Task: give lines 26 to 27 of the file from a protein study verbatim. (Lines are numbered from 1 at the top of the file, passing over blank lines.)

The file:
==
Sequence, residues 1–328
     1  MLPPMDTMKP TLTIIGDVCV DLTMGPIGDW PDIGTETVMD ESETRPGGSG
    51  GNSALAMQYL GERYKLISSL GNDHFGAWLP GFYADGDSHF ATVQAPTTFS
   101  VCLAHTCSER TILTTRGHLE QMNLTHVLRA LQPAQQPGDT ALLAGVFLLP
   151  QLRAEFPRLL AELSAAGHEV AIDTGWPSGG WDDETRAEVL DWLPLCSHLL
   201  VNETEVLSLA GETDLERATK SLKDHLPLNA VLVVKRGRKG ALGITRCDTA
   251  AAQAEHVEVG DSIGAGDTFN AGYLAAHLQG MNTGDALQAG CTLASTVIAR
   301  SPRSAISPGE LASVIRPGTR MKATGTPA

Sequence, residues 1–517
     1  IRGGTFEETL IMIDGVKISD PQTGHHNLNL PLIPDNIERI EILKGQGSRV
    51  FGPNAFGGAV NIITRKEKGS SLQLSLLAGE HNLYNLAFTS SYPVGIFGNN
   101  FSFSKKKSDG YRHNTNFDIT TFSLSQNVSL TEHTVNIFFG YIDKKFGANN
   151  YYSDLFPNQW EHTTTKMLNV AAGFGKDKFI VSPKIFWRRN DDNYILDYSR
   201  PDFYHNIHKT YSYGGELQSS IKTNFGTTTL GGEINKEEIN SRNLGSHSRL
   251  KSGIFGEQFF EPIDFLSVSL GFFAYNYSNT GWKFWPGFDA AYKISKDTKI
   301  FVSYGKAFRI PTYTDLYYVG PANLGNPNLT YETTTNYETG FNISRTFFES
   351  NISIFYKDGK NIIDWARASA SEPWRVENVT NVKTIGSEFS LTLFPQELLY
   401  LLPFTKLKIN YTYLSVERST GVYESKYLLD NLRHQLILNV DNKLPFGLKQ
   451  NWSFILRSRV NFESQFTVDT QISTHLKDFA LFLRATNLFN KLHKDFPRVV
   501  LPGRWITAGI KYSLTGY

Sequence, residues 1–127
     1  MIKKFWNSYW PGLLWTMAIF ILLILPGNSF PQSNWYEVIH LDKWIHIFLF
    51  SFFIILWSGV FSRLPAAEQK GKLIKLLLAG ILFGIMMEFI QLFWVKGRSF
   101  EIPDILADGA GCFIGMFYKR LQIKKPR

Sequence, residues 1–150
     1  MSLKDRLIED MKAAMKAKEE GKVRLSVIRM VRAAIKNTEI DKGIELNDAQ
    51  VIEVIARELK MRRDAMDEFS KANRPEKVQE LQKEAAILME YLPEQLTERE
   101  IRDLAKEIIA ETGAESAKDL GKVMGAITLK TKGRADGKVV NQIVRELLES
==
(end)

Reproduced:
     1  MSLKDRLIED MKAAMKAKEE GKVRLSVIRM VRAAIKNTEI DKGIELNDAQ
    51  VIEVIARELK MRRDAMDEFS KANRPEKVQE LQKEAAILME YLPEQLTERE